Pope Francis

On Sunday Pope Francis issued what appears to be a comprehensive apology to the LGBT community. Jack Jenkins at Think Progress has a very good read about skeptical LGBT catholics. As a non-Catholic I would argue that optimism or skepticism resulting from the pope’s comments is misplaced if not irrelevant. The Church should be judged by its actions.

A good start would be for the bishops to stop trying to influence public policy. When did it become their job to impose the teachings of the Catholic Church on everyone else by force of law? The US Conference of Catholic Bishops seems to be more of a pressure group than a religious organization.

Secondly, by papal edict, nobody should be fired from employment by a Catholic organization because they are discovered to be gay. What seems to happen in many, if not most, of these cases is that someone is doing a good job as, say, a teacher. Colleagues and superiors often know that the individual is gay. When he or she gets married, some bishop sees something in the newspaper and orders that the person be terminated. That has to end if the pope’s apology is to have any real meaning. Nobody should be anxious about the job security because they are gay and, frankly, the Church needs all the good help it can get.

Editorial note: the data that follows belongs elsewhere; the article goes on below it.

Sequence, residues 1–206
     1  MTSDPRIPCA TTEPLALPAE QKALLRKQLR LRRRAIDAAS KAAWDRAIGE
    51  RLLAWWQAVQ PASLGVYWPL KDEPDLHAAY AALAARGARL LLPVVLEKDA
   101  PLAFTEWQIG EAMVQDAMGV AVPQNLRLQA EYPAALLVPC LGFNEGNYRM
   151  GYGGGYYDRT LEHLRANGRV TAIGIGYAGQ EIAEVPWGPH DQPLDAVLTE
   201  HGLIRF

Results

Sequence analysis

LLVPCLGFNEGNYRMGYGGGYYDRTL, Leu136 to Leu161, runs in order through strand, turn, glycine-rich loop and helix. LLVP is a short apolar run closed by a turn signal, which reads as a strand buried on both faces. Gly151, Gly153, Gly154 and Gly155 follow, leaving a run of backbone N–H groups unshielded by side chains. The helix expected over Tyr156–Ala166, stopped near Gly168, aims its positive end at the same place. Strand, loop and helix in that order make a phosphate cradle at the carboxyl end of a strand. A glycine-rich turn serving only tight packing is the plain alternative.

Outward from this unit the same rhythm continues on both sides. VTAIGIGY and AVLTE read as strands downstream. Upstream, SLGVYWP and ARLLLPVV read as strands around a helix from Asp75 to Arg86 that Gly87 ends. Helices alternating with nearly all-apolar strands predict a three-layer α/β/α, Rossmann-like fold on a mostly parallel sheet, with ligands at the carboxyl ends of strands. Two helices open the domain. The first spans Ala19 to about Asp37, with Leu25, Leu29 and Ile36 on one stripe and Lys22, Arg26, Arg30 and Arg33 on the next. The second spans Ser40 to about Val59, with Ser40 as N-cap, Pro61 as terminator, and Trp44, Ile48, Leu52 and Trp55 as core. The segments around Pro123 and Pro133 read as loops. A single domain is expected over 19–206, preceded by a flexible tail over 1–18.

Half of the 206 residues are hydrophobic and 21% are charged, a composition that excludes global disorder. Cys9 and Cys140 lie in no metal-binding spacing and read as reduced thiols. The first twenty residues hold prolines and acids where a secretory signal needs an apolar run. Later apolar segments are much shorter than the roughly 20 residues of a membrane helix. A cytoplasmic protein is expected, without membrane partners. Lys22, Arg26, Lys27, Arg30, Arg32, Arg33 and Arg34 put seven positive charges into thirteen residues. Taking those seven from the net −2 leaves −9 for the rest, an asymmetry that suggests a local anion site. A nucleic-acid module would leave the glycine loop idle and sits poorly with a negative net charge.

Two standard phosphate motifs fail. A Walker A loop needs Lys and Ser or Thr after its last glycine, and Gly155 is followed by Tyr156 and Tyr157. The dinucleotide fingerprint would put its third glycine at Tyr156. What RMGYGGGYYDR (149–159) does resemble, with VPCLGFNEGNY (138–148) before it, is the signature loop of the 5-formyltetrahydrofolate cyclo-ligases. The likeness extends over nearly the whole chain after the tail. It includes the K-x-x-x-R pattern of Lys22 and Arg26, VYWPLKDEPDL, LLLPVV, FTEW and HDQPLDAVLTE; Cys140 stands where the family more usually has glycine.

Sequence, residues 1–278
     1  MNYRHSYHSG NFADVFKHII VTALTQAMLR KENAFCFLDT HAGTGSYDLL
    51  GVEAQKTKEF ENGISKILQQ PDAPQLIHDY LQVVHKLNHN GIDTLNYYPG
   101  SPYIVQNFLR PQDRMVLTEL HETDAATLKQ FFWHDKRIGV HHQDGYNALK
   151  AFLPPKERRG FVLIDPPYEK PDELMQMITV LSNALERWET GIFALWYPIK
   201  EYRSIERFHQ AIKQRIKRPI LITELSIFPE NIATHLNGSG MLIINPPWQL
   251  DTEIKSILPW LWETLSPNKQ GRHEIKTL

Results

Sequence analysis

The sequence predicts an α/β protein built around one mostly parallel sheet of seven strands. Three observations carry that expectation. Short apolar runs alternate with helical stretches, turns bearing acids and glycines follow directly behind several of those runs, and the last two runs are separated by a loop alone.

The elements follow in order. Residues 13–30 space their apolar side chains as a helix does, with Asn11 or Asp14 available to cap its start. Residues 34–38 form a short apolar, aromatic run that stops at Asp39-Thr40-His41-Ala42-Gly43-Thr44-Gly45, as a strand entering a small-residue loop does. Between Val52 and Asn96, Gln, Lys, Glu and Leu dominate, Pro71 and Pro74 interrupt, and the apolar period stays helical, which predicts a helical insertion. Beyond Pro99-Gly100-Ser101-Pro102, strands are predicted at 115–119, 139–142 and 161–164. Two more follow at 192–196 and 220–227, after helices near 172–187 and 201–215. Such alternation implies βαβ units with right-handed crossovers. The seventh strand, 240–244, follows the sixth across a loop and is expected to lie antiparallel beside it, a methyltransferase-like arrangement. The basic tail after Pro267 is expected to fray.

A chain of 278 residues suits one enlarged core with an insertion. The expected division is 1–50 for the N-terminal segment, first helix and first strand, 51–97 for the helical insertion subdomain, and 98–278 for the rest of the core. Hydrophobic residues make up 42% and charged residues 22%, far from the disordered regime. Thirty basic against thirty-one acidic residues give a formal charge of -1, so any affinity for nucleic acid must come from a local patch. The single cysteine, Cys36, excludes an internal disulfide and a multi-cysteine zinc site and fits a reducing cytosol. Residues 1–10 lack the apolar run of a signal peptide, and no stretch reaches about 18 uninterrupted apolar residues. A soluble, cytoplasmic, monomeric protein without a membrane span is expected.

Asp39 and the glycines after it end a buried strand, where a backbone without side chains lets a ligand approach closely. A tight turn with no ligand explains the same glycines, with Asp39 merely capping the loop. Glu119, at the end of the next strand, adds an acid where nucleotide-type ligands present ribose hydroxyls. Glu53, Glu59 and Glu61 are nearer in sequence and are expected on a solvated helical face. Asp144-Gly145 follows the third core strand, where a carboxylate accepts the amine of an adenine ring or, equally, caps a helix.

As a non-Catholic I am somewhat indifferent to the fact that the Church calls me “disordered.” However, as a gay man I find it offensive. It is also at odds with medical and social science. I don’t understand how the pope presumes to treat people fairly when they are considered “disordered.”

Ultimately the Church’s apology is meaningless unless accompanied by real action. The pope has the power to effect real change if he wants to. Inaction sends a very different message.

By David Cary Hart

Retired CEO. Formerly a W.E. Deming-trained quality-management consultant. Now just a cranky Jewish queer. Gay cis. He/Him/His.